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As Milan Fashion week ends, we’re sharing details on the Fall/Winter 2021 collections from from Dsquared2, Max Mara, Sportmax, Sunnei, and Bally.
Dsquared2’s new co-ed collection is a visual ode to the diverse facets of creativity and style. When paired right, what may appear girly and shy can unapologetically erupt with flair and attitude. Bodysuits and dresses embroidered with poetry are met with sporty wide-legged pants trimmed at the ankle with elastic; hoodies with tiaras glisten with beads, layered with tailored skirts; and a shaggy coat in cashmere and wool atop checkered shirt jackets gear the girls up for the cooler months. Bralettes are worn over suit jackets, tights are topped with thick socks and open-toe heels, and turtlenecks cozy up under thin dresses. Fall/Winter 2021 also marks a collaboration for shoes with Patrick Cox—the footwear designer behind the Wannabe loafer of the ‘90s, and a teenage friend of the house’s designers. Reimagined for the new line is the iconic shoe, now heeled with a mini platform, as a high thigh boot, and as a lower ankle boot with a chunky heel and “D” hardware. Other glittery heels with buttoned straps, satin sandals with bows, and lace-up boot sandals appear playful and crafted, ready to take on the look.
In Max Mara’s collection notes, we learned that when Achille Maramotti established the brand in 1951, his sights were set on dressing “the wives of local notaries and doctors.” While his initial intentions were pure, those women rose to their own successes, and Maramotti—and his latest Max Mara fashions—went with them. Today, that woman is seen well-dressed, well-read, and well-traveled; perhaps the models in the show exude this energy well, in a sun-drenched white room with tall windows and flags that accentuate the brand’s name above them. Below, they’re protected by quality essentials like alpaca jackets, tailored suits, and sturdy shoes. Of course, her closet’s prized gem is the Max Mara coat—a longhaired camel layer that tops aran knits, graphic tartans, and shirts with velvet elbow patches. Additionally and in contrast, the brand’s Sportmax label gains inspiration from the dark features, boyish edge, and daring style of muses like Annie Lennox, Grace Jones, Lee Miller, Claude Cahun, Sinead O’Connor, and Josephine Baker. Pixie cuts, suits, skin-tight jumpsuits, and flounces of sheer fabric dress the brand’s mood board. In a dark room, illuminated by one sharp spotlight shining from the ground up, unlit crystal chandeliers hung from above as models took to the space to execute the brand’s sultry vision. One look in particular was a face-off for those that were left with just enough to the imagination—a sleeveless sheer black dress with panels of fabric over the chest, the bottom, and the trim of the shin. Paired for perfection, the look was complete with a pair of large sunglasses, bicep-high gloves, and strappy kitten heeled thong sandals that buckled around the ankle.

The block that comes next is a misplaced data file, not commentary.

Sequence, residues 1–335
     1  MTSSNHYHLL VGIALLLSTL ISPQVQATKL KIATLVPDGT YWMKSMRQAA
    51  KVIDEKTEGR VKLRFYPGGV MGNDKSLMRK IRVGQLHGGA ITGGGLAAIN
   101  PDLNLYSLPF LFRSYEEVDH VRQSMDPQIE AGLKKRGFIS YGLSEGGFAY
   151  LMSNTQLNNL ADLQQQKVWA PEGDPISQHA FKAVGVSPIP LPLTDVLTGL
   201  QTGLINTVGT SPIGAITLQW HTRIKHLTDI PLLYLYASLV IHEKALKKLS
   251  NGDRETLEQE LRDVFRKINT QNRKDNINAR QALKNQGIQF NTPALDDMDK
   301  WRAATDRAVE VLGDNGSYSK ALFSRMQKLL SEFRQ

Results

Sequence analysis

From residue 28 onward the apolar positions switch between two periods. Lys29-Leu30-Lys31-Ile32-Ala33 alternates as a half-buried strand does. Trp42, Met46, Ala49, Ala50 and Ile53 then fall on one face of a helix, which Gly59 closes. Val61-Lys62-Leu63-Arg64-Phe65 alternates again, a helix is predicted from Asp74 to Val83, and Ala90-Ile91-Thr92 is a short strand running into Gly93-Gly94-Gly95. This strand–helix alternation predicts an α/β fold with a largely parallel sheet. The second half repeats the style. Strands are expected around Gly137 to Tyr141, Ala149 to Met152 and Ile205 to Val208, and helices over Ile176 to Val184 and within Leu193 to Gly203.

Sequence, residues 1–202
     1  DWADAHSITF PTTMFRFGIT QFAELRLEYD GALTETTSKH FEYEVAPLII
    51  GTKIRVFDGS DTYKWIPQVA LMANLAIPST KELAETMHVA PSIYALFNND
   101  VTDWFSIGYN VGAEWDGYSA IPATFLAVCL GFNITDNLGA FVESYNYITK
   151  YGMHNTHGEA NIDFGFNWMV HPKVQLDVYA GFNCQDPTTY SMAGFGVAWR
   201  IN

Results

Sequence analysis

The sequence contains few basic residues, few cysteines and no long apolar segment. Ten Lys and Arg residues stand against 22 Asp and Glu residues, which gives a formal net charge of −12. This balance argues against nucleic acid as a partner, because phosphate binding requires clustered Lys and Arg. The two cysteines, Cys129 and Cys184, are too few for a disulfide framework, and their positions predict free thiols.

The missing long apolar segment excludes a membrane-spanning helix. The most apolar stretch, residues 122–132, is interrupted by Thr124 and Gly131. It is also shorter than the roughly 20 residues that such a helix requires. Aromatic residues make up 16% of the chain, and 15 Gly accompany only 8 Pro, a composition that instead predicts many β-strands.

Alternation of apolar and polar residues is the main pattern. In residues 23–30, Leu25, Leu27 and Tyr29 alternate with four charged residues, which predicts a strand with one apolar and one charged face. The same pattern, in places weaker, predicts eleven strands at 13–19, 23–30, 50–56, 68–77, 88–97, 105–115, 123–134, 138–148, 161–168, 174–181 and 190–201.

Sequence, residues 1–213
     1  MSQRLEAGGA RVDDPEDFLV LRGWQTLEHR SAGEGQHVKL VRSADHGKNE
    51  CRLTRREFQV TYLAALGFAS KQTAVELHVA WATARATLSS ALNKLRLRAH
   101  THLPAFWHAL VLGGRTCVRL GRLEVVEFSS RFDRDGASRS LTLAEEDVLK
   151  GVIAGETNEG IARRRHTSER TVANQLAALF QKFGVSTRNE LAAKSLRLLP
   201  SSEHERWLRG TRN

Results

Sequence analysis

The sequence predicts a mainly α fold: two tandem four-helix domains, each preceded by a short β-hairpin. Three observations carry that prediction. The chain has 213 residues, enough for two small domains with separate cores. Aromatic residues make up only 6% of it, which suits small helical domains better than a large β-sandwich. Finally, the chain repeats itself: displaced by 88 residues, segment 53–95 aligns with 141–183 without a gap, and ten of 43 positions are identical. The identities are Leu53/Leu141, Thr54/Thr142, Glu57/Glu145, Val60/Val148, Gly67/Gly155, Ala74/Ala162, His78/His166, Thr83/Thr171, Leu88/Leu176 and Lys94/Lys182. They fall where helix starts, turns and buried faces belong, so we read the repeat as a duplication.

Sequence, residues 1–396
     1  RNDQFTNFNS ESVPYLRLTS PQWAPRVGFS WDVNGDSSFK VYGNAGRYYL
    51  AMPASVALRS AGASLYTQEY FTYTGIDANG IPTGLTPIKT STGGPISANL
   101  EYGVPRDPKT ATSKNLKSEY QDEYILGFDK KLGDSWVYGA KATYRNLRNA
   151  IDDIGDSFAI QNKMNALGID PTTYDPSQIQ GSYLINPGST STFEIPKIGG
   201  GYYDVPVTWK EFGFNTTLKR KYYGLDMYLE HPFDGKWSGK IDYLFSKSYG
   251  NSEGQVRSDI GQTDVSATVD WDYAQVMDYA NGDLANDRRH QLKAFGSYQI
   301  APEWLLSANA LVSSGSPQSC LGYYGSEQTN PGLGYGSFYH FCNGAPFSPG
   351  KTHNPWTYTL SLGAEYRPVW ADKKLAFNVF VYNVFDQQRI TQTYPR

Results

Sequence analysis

This season, Sunnei continues to break boundaries and experiment with the range of sophistication. The roots of the brand’s founders—Loris Messina and Simone Rizzo—are seen in tandem, offering both refined traits and a commercial line. Silhouettes may seem simple and stream-lined from afar, but up close, they give life to large puffed pockets, cutouts held by ruler-thin straps of fabric, platforms on shoes, and ruches on dresses that trail up the front of dresses. Bright with pops of color and stripes, and larger-than-life accessories, the new looks are seen in a film by the brand, beginning with a model crashing into the viewer’s screen for a playful start. This is a new move for the brand, which has long since been presenting its collections with virtually rendered models in a digital landscape. To break away from the norm that followed, Sunnei presents layered scenes via video that symbolize the in-the-screen moment time we’re living through, disoriented by characters, reflections, and connections. Fall/Winter 2021 supports the brand’s dedication to a “Made In Italy” approach, collaborating with Italian artist partners like the stylist Vittoria Cerciello, the photographer Alessio Bolzoni, No Text Azienda studio, and DJ Tocci.
Bally is bringing warmth to the winter season ahead with modern layers that reinterpret house classics. The Bally Stripe is raised with a bombé technique, the asymmetrical hardware is seen on footwear and accessories, and a monogram (created specifically for this year’s collection by the Swiss graphic studio Offshore) welcomes the signature B-Chain in an interlocked style reminiscent of a shoelace as a nod to the brand’s history as a shoemaker. The turn of seasons does not necessarily mean the turn of inspiration, either, as the brand stays true to its mountain heritage. Hiking boots with a new Grip sole (first produced by Bally in the 1940s) were inspired by climbing expeditions by the French explorer, Lionel Terray, and Switzerland’s very own, Raymond Lambert. With this focus, Bally brings the outdoors inside, and vice-versa, with garments like alpaca yarn and leather, and an earthy color palette of bone, ebony, and moss.